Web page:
By Shezan Muhammedi
When was the last time you sat down with one of your parents and asked them about their childhood? Asked them about what their favourite game as a child was to play? Or how often they actually did their homework? Or what their hometown was like? If you’ve never had the chance, ask them! You never know what you’re going to learn about your parents’ history.
Recently, I sat down with my mom and did just that. Like many Canadians, we can trace back our ancestry to when our family immigrated to this country. My mother came to Canada as a refugee from Uganda in the early 1970s. She was originally born in a small village just outside of Mbarara in Western Uganda. She is the eldest of three children and was most certainly the jewel of my grandfather’s eye. Being the only daughter, she held many responsibilities of looking after her two younger brothers but also the spoils of special treatment from her dad. Unfortunately, her father passed away when she was only nine years old and she was now expected to help her mother with the family business. Throughout most of her upbringing, she was the go-to person in the house for extra help. She walked her brothers to school, made sure they were all fed when they came home, and helped her mom in the store after dinner all while pursuing her own education. On the homework front, she had very little time to study when she came home after working in the store and taking care of household chores. Looks like all those years of harassing me to do my homework were a little hypocritical!
It was in August of 1972 that her world would be turned upside down. The President and Military General of Uganda at the time, Idi Amin, had ordered the expulsion of over 80,000 Ugandans of South Asian decent. He had accused them of economic sabotage and a failure to integrate socially with black Ugandans. He argued that they had milked the cow but had failed to feed it. Ultimately, he gave my mother and her entire family just 90 days to leave the country with all but one suitcase each and no money. Due to the expulsion decree and Idi Amin’s dream, my mother’s family came to Canada in October of 1972. The partnership between Prime Minister Pierre Elliot Trudeau and the Aga Khan led to the resettlement of almost 8,000 Ugandan Asian refugees by the end of 1974.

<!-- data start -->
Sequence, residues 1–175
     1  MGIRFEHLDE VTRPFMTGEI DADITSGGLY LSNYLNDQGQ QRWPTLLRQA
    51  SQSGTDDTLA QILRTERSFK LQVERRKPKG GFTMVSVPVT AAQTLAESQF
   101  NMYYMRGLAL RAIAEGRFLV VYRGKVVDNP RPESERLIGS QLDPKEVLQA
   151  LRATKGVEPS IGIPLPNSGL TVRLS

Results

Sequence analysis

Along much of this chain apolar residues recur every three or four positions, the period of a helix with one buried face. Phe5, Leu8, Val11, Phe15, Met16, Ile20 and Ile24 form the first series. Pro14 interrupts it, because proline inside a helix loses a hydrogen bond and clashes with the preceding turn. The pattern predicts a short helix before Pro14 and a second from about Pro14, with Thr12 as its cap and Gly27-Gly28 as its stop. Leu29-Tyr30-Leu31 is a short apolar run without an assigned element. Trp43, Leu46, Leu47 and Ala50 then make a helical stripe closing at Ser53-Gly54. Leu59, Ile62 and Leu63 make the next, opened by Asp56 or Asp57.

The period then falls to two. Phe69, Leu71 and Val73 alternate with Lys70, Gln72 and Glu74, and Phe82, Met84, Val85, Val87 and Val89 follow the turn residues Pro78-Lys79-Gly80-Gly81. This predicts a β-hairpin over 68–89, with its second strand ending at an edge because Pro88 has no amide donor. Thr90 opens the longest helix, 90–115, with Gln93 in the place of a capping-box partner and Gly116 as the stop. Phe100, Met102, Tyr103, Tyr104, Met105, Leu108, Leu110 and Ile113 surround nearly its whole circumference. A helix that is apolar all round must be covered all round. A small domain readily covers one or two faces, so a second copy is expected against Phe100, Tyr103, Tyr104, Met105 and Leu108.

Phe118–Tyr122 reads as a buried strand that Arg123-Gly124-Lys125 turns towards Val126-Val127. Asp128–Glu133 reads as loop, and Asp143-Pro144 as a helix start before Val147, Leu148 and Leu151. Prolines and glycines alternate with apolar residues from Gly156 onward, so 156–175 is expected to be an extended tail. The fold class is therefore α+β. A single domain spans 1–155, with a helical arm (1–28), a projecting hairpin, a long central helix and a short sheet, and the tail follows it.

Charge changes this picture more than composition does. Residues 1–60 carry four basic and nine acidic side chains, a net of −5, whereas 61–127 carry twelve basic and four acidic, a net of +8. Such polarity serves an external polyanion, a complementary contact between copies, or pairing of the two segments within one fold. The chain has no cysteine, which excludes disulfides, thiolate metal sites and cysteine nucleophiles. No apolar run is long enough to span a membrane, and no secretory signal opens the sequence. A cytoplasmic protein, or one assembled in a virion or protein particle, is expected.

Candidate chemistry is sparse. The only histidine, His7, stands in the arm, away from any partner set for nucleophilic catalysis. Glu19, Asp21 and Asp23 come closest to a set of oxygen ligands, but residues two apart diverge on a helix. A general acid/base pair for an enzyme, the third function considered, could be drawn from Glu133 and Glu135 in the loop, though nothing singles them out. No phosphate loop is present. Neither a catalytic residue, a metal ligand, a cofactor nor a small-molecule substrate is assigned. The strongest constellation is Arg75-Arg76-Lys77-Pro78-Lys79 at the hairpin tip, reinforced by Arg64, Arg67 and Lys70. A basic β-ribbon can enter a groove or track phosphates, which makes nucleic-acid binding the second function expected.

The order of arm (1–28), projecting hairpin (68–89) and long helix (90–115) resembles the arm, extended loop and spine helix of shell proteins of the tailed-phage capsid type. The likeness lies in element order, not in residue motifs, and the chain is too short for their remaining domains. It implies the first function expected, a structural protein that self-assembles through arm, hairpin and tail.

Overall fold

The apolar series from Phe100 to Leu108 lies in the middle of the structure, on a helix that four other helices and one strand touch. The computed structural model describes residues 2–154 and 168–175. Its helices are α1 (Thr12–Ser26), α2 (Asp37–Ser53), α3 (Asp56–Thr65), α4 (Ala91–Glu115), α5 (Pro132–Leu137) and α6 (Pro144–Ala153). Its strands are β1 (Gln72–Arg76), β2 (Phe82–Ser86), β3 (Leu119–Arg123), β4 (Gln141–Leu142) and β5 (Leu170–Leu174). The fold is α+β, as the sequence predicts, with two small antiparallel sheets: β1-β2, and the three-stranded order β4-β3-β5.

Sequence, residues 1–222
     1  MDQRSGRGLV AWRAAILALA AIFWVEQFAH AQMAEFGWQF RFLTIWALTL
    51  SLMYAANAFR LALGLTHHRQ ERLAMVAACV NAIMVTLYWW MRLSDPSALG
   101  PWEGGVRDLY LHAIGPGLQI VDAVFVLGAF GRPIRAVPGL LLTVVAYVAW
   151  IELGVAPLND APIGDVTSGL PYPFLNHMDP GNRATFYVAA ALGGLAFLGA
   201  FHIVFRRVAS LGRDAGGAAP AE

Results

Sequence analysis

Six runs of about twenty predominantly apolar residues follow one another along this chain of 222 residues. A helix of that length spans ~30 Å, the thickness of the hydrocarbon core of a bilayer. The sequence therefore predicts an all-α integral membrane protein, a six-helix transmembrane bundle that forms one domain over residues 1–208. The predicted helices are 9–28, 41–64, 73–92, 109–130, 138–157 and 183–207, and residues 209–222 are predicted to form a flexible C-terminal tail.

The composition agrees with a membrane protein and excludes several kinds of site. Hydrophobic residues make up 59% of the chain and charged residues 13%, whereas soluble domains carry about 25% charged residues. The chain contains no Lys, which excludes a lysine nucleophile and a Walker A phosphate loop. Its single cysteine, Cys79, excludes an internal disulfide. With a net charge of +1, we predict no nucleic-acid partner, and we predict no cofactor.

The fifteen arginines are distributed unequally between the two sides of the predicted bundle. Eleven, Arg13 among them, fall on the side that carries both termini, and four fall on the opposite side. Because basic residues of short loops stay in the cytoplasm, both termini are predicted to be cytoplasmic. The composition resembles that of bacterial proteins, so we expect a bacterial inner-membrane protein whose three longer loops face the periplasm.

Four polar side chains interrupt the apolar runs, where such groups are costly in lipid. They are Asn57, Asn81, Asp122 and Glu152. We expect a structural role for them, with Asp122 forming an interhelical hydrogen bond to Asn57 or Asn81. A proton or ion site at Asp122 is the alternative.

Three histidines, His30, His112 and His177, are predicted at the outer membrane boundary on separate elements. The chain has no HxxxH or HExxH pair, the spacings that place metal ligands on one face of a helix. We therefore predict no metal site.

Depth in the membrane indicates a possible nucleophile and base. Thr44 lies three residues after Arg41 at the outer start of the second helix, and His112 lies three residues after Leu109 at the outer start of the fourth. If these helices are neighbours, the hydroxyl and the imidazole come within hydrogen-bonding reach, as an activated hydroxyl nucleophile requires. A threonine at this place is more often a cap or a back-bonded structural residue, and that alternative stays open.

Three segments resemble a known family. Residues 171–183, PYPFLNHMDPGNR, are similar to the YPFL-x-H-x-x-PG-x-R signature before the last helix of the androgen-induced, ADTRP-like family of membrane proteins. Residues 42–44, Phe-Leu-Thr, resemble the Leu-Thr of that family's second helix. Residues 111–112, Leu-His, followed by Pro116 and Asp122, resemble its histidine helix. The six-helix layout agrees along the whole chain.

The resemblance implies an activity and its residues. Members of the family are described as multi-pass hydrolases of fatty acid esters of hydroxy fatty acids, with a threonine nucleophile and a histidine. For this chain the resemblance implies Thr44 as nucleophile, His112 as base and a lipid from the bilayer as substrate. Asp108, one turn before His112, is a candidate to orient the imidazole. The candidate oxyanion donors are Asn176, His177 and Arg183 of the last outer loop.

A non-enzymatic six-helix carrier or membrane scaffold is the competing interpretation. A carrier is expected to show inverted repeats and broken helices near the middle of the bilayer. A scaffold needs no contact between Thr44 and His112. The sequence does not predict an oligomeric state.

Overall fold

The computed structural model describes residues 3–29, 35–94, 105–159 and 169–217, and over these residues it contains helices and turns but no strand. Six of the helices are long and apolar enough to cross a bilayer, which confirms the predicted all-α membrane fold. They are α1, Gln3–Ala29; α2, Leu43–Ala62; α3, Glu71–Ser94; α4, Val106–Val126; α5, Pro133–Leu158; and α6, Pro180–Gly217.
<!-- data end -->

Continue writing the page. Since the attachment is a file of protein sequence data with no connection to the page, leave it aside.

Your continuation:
My mother recalls coming to Canada with very little but was fortunate to get a job interview at CIBC the day after she arrived. After successfully landing the job she attempted to get to work the next day. Unfortunately, she got lost and arrived three hours late. Wearing nothing more than a regular t-shirt and flip-flops she was frozen to her very core. Considering Uganda is located on the equator, you can only imagine how cold Ottawa in November must feel! At this point the entire ordeal of leaving her life in Uganda behind and coming to a foreign country hit her square in the face. She broke down and burst into tears. Fortunately, her manager could sympathize with her and told her to spend the day getting acquainted with the staff and the office. The next day when she arrived to work on time, she was greeted by her co-workers, who had organized a used winter clothing drive for her and her entire family. She can’t help but crack a smile when she retells me this story nearly 40 years later. This was the welcome that Canada had given her when she was just 19 years old.
It wasn’t all sunshine and lollipops for my mom when she first arrived. There were some difficulties and tensions regarding the fact that Ottawa was not nearly as diverse as it is today. She remembers the looks and odd comments she received on local transit or at work. But, she also remembers how once the hesitation subsided and people got to know her and learn more about her background things really started to turn around. She proudly recalls, how at first, when she was a teller, her line was always the shortest at the bank because some people were more hesitant to interact with her. However, as soon as they realized that she was the fastest teller and had a knack for memorizing each customer’s account number to save time, her line became the longest.
After 38 years of employment at the bank and establishing her own family in Canada my mother has officially accepted a well-deserved retirement. Over the years she’s been involved in countless volunteer initiatives including the World Partnership Walk and several projects within the community. Her resilience and strength have always inspired me as she not only came to this country with nothing and helped raise her two younger brothers, she also managed to do one heck of a job on her own three boys. Trust me when I say we weren’t the easiest group of hell raisers to look after! All in all, she’s thankful everything this country has had to offer and is very proud to call herself Canadian.
That was her story of growing up in Uganda, being a refugee, and becoming an active member of Canadian society. What’s your parents’ story?
Shezan is a PhD student at Western University. Watch him explain his thesis in three minutes.